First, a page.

New courthouse clocks, Civil War statue work loom

Sunday, March 26, 2017
Ron Morris of Ball State University (left), guest speaker at the recent Heritage Preservation Society of Putnam County, chats with HPS member Larry Tippin following the program.
Banner Graphic/ERIC BERNSEE

Springtime is stacking up as a busy time for the Heritage Preservation Society (HPS) of Putnam County.

Projects involving new courthouse clocks, the restoration of the Civil War Monument at Forest Hill Cemetery and a new, updated website for the organization are under way.

During the recent HPS annual meeting, President Phil Gick told members it is anticipated that the courthouse clocks (both north and south sides of the historic building in Greencastle) will be installed next month with a formal dedication planned for Friday, May 5 during the downtown First Friday celebration.

Gick reminded the group that the clocks will feature translucent dials to better allow the public to see what time is at night.

While $22,500 was deemed necessary to complete the project, more than that has been donated or pledged, Gick said, recently telling the Banner Graphic that the amount is aproximately $23,000.

The project will replace the 35-year-old clock on the south gable of the courthouse, while installing an additional clock where an unappealing vent exists on the north gable.

Designed and installed by Smith’s Bell and Clock Service of Camby, the new clocks will include backlit faces, digital chimes and amps and a lithium battery backup for auto time correction.

Meanwhile, the long-awaited Civil War Monument restoration is due for completion by this June, Gick said, as a collaborative effort with the City of Greencastle.

While HPS has raised much of the funding for the project, the city has signed the documents to proceed with the restoration -- a project whose necessity first emerged in the fall of 2011. Both the city and county have pledged their support to the project.

The restoration is finally nearing reality, thanks in part to the receipt of a $40,000 Heritage Preservation Fund Grant (HPFG), made possible by Forest Hill Cemetery being listed on the National Register in July 2015.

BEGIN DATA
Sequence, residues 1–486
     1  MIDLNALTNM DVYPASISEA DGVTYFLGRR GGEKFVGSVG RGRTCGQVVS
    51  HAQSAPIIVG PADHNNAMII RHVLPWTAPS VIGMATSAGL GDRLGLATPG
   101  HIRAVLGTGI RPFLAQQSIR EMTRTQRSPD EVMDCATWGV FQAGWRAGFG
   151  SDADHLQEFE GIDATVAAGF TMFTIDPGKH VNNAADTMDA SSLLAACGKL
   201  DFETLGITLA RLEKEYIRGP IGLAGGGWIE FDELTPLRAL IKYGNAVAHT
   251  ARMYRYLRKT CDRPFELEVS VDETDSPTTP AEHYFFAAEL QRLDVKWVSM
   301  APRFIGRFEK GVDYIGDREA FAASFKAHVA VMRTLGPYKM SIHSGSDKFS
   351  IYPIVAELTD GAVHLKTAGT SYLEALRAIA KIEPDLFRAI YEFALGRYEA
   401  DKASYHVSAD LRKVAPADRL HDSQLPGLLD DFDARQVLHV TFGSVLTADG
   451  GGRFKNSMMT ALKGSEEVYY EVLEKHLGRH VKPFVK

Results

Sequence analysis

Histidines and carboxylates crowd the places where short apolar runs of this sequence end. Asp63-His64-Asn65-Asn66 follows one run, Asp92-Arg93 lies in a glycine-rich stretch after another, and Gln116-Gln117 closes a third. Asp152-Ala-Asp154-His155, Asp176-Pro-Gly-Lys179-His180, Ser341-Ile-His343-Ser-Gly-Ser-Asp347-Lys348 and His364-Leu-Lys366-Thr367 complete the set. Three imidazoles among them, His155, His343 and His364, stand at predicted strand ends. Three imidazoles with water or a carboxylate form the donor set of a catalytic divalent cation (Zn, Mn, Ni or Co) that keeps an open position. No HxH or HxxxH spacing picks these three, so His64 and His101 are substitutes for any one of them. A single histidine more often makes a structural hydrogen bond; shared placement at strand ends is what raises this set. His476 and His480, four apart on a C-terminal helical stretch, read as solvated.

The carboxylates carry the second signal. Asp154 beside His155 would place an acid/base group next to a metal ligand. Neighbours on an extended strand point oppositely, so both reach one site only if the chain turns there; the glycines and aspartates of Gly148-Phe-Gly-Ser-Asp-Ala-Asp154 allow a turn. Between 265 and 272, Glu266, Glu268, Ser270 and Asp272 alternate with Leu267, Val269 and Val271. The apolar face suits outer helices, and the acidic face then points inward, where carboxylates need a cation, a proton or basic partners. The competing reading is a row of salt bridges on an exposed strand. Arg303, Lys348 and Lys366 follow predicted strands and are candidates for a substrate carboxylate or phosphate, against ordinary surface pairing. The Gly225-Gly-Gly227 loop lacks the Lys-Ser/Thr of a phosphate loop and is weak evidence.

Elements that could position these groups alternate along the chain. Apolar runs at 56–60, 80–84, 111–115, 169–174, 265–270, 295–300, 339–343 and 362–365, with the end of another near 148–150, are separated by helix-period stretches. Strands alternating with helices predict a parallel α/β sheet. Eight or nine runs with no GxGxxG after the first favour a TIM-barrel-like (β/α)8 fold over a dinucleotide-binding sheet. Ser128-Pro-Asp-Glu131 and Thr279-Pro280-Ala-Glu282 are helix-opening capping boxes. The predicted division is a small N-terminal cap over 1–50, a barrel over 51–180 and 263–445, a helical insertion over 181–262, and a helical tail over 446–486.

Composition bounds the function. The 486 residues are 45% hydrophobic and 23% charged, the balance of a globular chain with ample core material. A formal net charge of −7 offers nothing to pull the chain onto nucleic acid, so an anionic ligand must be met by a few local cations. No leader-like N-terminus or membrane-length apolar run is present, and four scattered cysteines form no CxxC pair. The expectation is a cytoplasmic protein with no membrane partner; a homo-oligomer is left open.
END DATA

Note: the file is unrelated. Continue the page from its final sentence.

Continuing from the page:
The grant has been awarded to secure the stabilization and restoration of the monument erected in July 1870. HPS also received a $50,000 Envision Grant from the Putnam County Foundation in January 2015.

In August 2015, Arsee Engineering provided an estimate of cost for restoration of the monument at $110,000.

Titled “Western Soldier on Guard” and sculpted by Thomas David Jones (who erected basically a twin statue in Pomeroy, Ohio), the monument is actually a three-tiered structure with the bottom portion made of Indiana limestone from Oolitic in Lawrence County, while the upper section appears to be a variety of sandstone.

The center section of the monument is made of Berea sandstone, quarried from a specific area of Ohio that no longer provides such material.

History notes that the Putnam County Civil War Monument was the third such statue erected in the state. Dedicated just five years after the war ended, it was the first Civil War monument in Indiana to feature a human figure, and the only Hoosier monument displaying a seated soldier.

“There is no other figure like him in the state,” the website Sculptural Civil War Monuments in Indiana notes, referring to the noble figure as “the unusually seated cavalry soldier.”

Uniquely, the monument also lists the names of 321 county residents who died in the Civil War.

Meanwhile, HPS is also hoping to have a new website up and running within two months, and one of the elements of it is expected to be a digital tourism opportunity provided by Ron Morris of the Ball State University History Department and his students. The project will not be an app, both Gick and Morris stressed.

However, the interactive website will provide exposure to what small communities like the budding historic districts of Cloverdale, Bainbridge, Roachdale and Russellville have to offer through an interactive map and photos with descriptions of what there is to see and experience locally.

“Digital tourism is always open,” Morris said, touting the web presence. “Millennials expect to find everything on line or they don’t think it’s there.”

The interactive effort will provide “a first impression of things they will see even before they come to Putnam County,” Morris added.

The project is expected to be completed during this semester at Ball State.

“We are excited to have this kind of an opportunity for the community,” Gick, the HPS president for 2017-18, commented in summation.

Respond to this story

Posting a comment requires free registration: